The Hidden Term Risk of Acquisition Financing

Posted on: January 25th, 2024


In the frenetic dealmaking arena of middle market acquisition financing, buyers are usually time pressured and under the gun to close. Often this results in the buyers changing course mid-capital raise and forgoing their preferred form of acquisition financing. As they get to the end of their letter of intent exclusivity period, they look for any type of acquisition financing as opposed to the best type of financing. This usually results in an inferior acquisition financing structure of higher cost and shorter term of 2 years or less. Despite being able to close, this approach is fraught with hidden term risk that can sink a deal due to the imposition of compressed execution timetables and scale-up operational steps.

Acquisition financing in the purest sense is a loan to acquire the assets or stock of a company by either an acquiring sponsor or company. Acquisitions involve intensive scale-up blueprint setting and post-closing integration. Often the acquired target is merged into another business which involves a tremendous amount of new process implementation and change management. Frequently the new process implementation encounters resistance and takes longer than originally estimated. Most acquisition financing deals take at least 6 months to complete initial integration steps and then an additional 12 to 18 months for the new process to take root and show results. The new way of doing things is often a shock to the system resulting in adoption lethargy and operational stress and underperformance. Smart buyers expect this and invest the necessary resources to ensure that any changeover to the new process happens swiftly and effectively.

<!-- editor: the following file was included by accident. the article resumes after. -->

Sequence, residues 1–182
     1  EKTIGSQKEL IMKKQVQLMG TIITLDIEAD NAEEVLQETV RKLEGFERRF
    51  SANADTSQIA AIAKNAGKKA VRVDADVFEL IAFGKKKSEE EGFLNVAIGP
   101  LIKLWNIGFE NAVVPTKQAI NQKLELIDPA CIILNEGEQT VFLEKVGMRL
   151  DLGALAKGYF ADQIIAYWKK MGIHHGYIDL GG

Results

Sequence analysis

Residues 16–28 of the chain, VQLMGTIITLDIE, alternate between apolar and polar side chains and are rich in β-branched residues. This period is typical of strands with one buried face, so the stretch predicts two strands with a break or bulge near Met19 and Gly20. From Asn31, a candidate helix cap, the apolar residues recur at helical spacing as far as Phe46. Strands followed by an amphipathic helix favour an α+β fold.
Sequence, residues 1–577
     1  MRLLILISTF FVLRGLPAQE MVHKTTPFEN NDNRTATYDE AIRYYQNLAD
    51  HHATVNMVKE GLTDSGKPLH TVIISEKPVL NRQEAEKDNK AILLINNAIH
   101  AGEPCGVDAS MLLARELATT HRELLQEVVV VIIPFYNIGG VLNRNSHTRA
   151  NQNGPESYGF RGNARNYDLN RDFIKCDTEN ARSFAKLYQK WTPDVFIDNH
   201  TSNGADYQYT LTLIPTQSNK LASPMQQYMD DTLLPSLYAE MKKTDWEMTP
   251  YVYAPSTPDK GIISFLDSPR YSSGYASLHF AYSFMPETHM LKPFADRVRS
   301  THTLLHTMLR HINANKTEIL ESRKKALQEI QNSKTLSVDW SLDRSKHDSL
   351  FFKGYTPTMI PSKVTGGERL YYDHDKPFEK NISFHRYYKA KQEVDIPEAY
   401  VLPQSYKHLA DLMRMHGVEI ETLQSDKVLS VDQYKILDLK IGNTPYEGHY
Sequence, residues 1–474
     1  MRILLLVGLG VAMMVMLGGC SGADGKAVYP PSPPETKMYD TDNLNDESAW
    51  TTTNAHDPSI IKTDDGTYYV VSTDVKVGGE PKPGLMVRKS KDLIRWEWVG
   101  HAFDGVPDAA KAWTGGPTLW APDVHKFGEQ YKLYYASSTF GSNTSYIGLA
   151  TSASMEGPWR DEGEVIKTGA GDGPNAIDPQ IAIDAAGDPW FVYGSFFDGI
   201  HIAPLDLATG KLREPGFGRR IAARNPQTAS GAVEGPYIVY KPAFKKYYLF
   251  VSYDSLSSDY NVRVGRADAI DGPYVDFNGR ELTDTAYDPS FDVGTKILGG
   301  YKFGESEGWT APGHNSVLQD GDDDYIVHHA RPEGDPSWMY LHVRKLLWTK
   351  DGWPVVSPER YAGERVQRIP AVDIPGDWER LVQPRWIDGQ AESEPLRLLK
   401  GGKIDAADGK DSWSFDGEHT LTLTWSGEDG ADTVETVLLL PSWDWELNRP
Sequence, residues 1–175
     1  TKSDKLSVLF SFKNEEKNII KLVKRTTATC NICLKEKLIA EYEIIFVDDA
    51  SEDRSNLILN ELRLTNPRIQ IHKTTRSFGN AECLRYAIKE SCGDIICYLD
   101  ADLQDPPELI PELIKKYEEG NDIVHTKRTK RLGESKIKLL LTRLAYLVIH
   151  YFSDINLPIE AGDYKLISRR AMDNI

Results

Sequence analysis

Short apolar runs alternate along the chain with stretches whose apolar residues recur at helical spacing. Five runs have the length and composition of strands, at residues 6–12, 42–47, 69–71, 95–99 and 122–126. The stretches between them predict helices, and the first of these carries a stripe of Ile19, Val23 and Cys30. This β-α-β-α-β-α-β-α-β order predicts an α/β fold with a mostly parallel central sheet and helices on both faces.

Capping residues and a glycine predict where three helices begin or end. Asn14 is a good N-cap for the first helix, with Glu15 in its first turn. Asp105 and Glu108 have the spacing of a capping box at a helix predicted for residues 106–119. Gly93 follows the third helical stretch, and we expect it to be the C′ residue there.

Nonetheless, the conversion to the new process takes longer and usually requires more time and money to get right. When the acquisition financing matures in 18 months or even two years, it requires all integration and new process steps to be completed rapidly often within a 3-to-6-month timeframe. The need to move so rapidly can create chaos within the organization and result in employee turnover.  There is a reason why the highest forms of acquisition financing such as a bank term loan or a mezzanine debt loan have 5-year terms. Inferior short term acquisition financing such as bridge financing injects too much hidden term risk into the integration equation.  What the buyer gains in getting the deal closed, they give up in terms of foisting short term execution risk into their post-closing integration.